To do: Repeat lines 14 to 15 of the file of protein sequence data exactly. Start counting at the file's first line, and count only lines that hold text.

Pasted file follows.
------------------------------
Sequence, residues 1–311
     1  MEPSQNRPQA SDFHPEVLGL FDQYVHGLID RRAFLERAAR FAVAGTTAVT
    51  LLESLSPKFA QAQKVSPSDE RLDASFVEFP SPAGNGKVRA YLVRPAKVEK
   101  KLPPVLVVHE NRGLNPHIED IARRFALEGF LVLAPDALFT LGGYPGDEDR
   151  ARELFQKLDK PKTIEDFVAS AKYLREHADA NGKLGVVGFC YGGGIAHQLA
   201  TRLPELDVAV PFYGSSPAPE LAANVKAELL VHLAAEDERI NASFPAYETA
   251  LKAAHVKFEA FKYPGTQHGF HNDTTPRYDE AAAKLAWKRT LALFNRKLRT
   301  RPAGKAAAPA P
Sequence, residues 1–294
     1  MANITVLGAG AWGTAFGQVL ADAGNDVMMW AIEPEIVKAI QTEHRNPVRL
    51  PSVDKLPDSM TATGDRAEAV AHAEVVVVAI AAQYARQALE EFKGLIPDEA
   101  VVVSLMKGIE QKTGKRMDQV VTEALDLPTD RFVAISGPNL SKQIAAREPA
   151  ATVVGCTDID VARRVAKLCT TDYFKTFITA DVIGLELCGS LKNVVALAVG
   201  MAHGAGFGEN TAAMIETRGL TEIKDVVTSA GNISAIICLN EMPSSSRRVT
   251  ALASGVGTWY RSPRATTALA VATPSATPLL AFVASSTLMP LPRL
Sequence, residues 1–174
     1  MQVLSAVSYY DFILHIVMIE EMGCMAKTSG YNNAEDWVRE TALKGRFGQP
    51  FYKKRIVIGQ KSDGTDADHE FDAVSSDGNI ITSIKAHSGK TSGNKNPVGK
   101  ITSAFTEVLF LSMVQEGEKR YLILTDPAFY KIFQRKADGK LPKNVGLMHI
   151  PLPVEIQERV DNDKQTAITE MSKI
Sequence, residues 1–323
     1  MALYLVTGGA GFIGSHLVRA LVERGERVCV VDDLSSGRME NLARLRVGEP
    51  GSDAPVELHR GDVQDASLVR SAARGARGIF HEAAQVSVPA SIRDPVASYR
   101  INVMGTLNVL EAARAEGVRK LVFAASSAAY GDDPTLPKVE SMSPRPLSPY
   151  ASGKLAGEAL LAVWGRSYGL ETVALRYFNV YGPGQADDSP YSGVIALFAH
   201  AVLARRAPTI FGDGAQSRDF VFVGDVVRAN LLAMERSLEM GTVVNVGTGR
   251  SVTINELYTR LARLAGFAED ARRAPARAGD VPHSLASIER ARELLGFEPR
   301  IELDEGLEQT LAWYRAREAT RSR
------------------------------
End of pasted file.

   201  MAHGAGFGEN TAAMIETRGL TEIKDVVTSA GNISAIICLN EMPSSSRRVT
   251  ALASGVGTWY RSPRATTALA VATPSATPLL AFVASSTLMP LPRL